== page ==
Based on our recent experience eating our way through New Zealand, the country’s food scene is bursting at the seams not only with talented chefs discovering the agricultural bounty of their island nation, but also farmers' markets where the producers and purveyors of all these fabulous foodstuffs are peddling their wares and showing off the best of what they grow.
To find out just where all these tasty products are coming from and to meet some of the growers, we stopped by two of the country’s best known weekend farmers’ markets at opposite ends of New Zealand:
Holiday Travel / Britain Travel / Christmas Travel / Shopping Travel / London Travel / Markets / → All Tags
In London, there's yuletide market merriment to be found stretching from the Thames to Columbia Road. Sprinkled throughout the city, these shopping fairs feature vendors hawking everything from fresh mulled wine to crafts to handmade jewels, offering ample opportunity to shop for presents and partake of seasonal cheer.
There are only a few days left to peruse the "chalet" stalls for last-minute gifts as you take in the sight of strung lights and sip on hot cocoa. We've highlighted three of the city's best Christmas markets:
Bangkok Field Trip / Thailand Travel / Bangkok Travel / Photo Gallery / Markets / Shopping Travel / → All Tags
These days, when you think of Bangkok, does the "Hangover 2" phrase "Holla, city of squalor" pop into mind? It did ours, until we freaking went there and got tangled in its web of awesomeness. Bangkok is truly a world metropolis to be experienced over more than a few days, but we'll be detailing several places and things that simply can't be left undone. Join us, but watch where you step.
You MUST get good and lost at Chatuchak.
If you've been to one, big market in a major Asian city, you've been to them all, right? WRONG! Each metropolis comes with its own flavor, its own grime, its own crazy insane buying and selling spree. Chatuchak Weekend Market in Bangkok is the market in Thailand, mainly because it's the largest market in the entire country, but also because it's a place infamous for being able to buy anything (though times have changed).
What hasn't changed, however, is the labyrinth of small aisles that weave through vendors piled high with everything from run-of-the-mill cheapie Pashmina scarves (see photo above) to wall-size original works of art, to puppies wearing barrettes.
It's a melee, but it's worth it.
What do you think of when you imagine a street market in an Asian metropolis? There's probably the stereotypical image of a slew of carts hocking spicy meats, plus tons of T-shirt stands and some knock-off purse booths. All of that is correct, but then you can turn a corner and encounter some of the more special offerings, like puppies. Or flowers made from a carved bar of soap. Or contact lenses that make your pupils look huge, thus making you look like an anime character.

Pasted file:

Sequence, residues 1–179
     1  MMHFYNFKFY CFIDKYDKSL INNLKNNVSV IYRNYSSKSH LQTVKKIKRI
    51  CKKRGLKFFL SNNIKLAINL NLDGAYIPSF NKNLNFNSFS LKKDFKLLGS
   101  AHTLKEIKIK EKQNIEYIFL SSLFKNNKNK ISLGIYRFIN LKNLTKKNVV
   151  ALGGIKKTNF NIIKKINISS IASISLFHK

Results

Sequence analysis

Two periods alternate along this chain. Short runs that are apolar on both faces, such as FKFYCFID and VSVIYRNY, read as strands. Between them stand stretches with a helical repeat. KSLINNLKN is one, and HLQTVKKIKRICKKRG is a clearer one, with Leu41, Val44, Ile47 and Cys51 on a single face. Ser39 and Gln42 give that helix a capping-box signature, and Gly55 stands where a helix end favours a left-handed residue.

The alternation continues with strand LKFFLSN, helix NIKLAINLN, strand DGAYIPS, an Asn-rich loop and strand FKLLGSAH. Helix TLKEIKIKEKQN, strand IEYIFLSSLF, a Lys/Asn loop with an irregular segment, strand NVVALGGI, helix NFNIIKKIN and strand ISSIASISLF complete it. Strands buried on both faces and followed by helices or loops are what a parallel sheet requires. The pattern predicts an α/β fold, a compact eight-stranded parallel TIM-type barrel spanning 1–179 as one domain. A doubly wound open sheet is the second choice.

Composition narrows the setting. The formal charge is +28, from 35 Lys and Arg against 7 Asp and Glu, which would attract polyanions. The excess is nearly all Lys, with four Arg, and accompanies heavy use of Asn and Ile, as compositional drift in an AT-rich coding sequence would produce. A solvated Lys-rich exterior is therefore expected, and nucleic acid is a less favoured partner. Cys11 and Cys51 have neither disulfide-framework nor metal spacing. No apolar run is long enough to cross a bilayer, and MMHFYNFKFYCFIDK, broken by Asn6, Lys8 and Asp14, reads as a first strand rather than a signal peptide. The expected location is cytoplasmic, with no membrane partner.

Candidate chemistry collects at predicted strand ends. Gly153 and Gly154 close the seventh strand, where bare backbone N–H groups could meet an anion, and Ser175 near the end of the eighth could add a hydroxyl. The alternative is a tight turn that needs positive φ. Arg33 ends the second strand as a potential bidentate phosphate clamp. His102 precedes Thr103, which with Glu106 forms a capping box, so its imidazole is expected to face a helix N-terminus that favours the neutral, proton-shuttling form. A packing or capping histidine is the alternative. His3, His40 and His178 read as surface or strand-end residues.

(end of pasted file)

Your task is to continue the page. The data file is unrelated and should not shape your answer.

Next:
And this is Japan, right? Wrong. It's Thailand. Sometimes it's difficult to tell, however. Bangkok has its districts like any great city; there's Chinatown, an Indian neighborhood, the Japanese district andof coursethe foreign backpacker ghetto that is Khao San Road.
While we don't advocate buying things off the street which you will then stick into your eyes, shopping for such things is a great only-in-asia experience. If you're dead-set on buying, though, the sushi-shaped contact lens cases were super cute.
Borough Market is routinely heralded as the Queen Bee of London's farmer's markets, a locus of organic cuisine that is every gourmand's dream come true. On Saturdays, however, it is aswarm with even more tourists than usual, clogging pedestrian walkways and bringing about stall lines that can be unbearably long, however skilled and quick their proprietors may be.
Though we have a special place in our heart for Borough, a recent trip to East London's Broadway Market has converted us to devotees of the latter haven for pesticide-free produce. Read through our Top Five Reasons Broadway Market is Cooler Than Borough Market, after the jump, for a few convincing arguments in favor of the slightly less-trafficked neighborhood gem.
A few days ago, we related to you the results of what could be the most important scientific test thus far this year: our taste test of Philadelphia's best cheesesteak joints. We laughed (at the church groups at Pat's), we cried (over Geno's xenophobia) and we ate some damned awesome cheesesteak (at Jim's), but in all of our fervor to taste these three, we completely forgot that we actually visited a fourth: Carmen's Famous.
Carmen's was our first stop when we arrived off the train in Philly, and it joins a couple other cheesesteak booths inside of Reading Terminal Market. You won't hear folks from the City of Brotherly Love exclaiming their passion for Carmen's like they do for Pat's or Jim's, simply because their cheesesteaks are pretty standard. Nothing to write home about, but edible.